Simultaneous Attacks Colin Wee

The one steps I talked about in Had Enough of that Traditional One Step Nonsense typically refers to counters or go no sen type tactics. Meaning you see an opponent’s move, you block/cover/parry and return the strike. That’s how many of the one steps I learned early on were taught; they were a way to introduce basic techniques and to build skills to help dis‐tancing and timing.

I wanted to take the opportunity to discuss simultaneous attacks or sen no sen tactics. What I mean by this is you see the opponent about to move, you read approximately what he’s going to do, and you fire off a tactic that lands at about the same time. The opponent’s strike never lands because your’s lands either first or because you’ve successfully moved away or curved out the body part your oppo‐nent was targeting.

Here are a few ‘staple’ simultaneous tactics:

Side thrust kick to groin or like above to

The opponent is in the process of throwing a side kick (that’s easy to read) or a long range roundhouse kick. You go close, lean back‐wards, and fire off a rising side thrust kick that aims the opponent’s groin. It’s a devastat‐ing kick when it hits you in the ribs, and much more so when it strikes an opponent who has a leg lifted to kick you.

The front kick is a no nonsense kick that’s hard to read even if the opponent is facing directly at you. This can be done against many mid height or higher kicks, but is beautifully done against an opponent who likes to do that loping muay thai roundhouse kick. The front kick fired from the front leg needs to travel much less than other kicks, and will always get there first.

This is one of my favourites, but I’d really cau‐tion you whilst using this in training – most people (like about 90% of practitioners) don’t have much control over their kicks. So if you use the low side kick to the knee to reach out to the support leg, you’re going to be losing quite a few of your training buddies and pop‐ularity points. Low side kicks to support legs are great to use against almost all kicks. The opponent lifts their leg off the ground and whilst their kick is in the air, you can use your leg to block and then attack the support leg -which can’t move from the ground.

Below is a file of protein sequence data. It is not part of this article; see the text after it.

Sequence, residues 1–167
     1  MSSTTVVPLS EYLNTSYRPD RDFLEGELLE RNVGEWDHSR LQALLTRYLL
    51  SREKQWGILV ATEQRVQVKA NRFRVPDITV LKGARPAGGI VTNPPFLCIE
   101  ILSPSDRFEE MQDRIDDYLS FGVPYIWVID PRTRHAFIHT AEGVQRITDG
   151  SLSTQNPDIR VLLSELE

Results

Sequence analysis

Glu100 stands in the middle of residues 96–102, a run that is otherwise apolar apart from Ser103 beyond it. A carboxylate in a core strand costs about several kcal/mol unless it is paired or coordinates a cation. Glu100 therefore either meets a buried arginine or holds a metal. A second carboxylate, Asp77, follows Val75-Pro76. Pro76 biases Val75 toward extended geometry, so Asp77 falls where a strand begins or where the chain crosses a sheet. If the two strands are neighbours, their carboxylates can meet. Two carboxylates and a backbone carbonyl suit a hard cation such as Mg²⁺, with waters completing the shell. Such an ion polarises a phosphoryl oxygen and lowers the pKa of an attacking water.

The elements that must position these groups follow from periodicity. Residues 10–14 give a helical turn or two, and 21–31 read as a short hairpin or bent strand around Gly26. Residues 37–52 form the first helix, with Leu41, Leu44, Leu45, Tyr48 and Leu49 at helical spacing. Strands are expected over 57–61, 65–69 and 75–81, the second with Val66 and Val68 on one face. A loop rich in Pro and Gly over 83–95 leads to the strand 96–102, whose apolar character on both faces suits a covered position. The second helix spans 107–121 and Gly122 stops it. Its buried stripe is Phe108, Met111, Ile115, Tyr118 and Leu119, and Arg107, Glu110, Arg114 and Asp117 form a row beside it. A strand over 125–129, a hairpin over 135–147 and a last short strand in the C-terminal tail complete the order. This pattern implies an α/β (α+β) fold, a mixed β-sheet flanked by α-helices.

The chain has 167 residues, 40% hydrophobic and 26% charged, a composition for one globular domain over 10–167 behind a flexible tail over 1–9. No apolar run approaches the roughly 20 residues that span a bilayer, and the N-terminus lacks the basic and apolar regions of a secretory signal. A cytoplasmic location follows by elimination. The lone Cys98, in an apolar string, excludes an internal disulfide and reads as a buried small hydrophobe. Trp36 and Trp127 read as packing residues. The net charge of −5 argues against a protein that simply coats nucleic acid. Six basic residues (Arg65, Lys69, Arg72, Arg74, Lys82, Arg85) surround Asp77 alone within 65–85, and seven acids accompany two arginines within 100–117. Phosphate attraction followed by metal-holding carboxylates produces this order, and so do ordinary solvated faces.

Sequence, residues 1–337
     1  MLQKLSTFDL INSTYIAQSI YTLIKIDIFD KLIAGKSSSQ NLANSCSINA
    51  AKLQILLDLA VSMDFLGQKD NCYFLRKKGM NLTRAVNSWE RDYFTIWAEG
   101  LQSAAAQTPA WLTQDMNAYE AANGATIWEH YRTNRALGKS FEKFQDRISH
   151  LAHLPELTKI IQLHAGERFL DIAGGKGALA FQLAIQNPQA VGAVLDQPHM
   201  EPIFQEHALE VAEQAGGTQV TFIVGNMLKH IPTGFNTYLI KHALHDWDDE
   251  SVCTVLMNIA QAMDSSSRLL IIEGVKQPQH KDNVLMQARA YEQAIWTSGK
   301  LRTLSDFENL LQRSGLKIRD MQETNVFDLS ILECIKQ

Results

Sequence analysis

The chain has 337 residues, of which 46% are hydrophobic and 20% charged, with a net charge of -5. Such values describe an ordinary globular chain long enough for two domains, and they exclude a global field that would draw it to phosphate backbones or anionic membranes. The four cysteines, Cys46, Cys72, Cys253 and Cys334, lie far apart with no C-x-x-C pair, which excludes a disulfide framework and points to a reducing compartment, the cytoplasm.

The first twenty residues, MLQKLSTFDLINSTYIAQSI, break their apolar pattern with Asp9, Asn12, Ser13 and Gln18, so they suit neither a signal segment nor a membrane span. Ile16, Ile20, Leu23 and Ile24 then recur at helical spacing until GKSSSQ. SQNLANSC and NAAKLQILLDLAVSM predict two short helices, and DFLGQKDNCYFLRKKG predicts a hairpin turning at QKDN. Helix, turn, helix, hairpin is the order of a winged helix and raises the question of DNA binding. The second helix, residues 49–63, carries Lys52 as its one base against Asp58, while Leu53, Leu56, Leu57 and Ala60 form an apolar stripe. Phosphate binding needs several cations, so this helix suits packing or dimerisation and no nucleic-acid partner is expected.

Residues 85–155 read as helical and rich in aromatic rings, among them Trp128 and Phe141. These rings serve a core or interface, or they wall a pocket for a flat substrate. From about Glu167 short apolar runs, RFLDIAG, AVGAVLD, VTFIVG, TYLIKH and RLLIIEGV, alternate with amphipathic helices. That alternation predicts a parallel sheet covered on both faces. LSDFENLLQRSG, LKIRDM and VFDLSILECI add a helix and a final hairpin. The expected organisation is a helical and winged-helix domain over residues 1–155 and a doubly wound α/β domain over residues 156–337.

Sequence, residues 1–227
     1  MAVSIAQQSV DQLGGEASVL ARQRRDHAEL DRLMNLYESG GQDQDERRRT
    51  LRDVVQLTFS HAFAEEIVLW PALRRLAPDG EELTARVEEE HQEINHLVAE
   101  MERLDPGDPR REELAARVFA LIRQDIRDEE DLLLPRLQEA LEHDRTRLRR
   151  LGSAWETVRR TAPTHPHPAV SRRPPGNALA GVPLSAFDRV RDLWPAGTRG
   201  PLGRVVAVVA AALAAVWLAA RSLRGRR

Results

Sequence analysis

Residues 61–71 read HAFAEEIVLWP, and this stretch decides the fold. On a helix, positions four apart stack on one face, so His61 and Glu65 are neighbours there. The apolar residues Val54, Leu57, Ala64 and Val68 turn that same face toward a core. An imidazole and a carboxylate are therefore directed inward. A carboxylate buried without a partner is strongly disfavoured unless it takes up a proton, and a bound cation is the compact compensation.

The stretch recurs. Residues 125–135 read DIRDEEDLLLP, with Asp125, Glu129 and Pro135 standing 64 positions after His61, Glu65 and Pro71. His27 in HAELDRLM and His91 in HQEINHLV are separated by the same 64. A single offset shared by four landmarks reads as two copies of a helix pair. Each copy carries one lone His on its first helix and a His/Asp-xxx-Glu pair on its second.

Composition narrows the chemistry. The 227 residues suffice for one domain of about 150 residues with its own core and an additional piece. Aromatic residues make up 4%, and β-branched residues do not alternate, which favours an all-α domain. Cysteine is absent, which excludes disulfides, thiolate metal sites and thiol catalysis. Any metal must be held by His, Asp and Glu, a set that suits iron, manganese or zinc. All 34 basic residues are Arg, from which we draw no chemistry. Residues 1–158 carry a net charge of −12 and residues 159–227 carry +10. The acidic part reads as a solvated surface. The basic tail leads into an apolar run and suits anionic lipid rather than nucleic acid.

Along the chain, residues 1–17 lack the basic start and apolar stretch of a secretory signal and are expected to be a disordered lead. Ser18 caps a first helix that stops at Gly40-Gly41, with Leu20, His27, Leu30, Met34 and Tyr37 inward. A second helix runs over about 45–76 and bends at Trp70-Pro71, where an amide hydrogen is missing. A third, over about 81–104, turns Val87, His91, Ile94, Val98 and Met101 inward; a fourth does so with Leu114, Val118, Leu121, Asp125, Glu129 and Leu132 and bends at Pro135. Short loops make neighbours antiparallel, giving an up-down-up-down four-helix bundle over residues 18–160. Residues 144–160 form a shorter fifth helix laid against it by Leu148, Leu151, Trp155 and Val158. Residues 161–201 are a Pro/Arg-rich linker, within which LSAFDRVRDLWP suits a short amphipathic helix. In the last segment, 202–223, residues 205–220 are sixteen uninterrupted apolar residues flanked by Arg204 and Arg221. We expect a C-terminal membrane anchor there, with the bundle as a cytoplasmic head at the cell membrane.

Leg sweep. Or at least, trying to sweep the

Leg sweeps are great to use against sliding side kicks or tornado type kicks. The oppo‐nent is not able to ‘see’ you dropping out of his radar too clearly, and the sweep takes out the support leg. Please try not to use this against people who have no clue about breakfalling.

High roundhouse against a punch or attack

I love using the high roundhouse closer than most – you can use the leg to reach up between the opponent’s arms – and especially insinuate it through the arms when he’s reaching out for you.

One of my favourite taekwondo techniques when I was a younger black belt was a hook kick to the head. The opponent can be coming in for a jab or lunge punch or backfist. It doesn’t matter – the hook kick crests the shoul‐der and the opponent sees the foot about 10 centimeters away from their head before it hits.

The turning back kick can be used as a simul‐taneous attack or while retreating. The turn‐ing distracts the opponent and you are able to use your back leg to find that hole between his guard, and perhaps distance yourself away from your opponent. It’s one of the more valuable ‘gimmicky’ kicks in your arse‐nal.

I’ve got some beef with Wing Chun instructors who talk smack about their art and put down everyone else’s – of course that’s only the opin‐ion I’ve got from meeting the few wing chun practitioners I have come across. But one thing I really like about Wing Chun is the short range kicks they use. Their kicks counter kicks, support legs, and can be used to deal with strikes to the upper gate quite well -as can be seen above. The best is that the kick can be done without offsetting your centre of gravity too much, which means you can effec‐tively use both your hands and legs in combi‐nation against your opponent.

Knowing the sens helps improve the way you train and how you drill techniques. As you can see, I’ve chosen kick heavy tactics, though when you start looking at reactive counters, simultaneous counters and then premptive attacks as a continuum, you get the idea that all your techniques are there to help you flow from one state to another.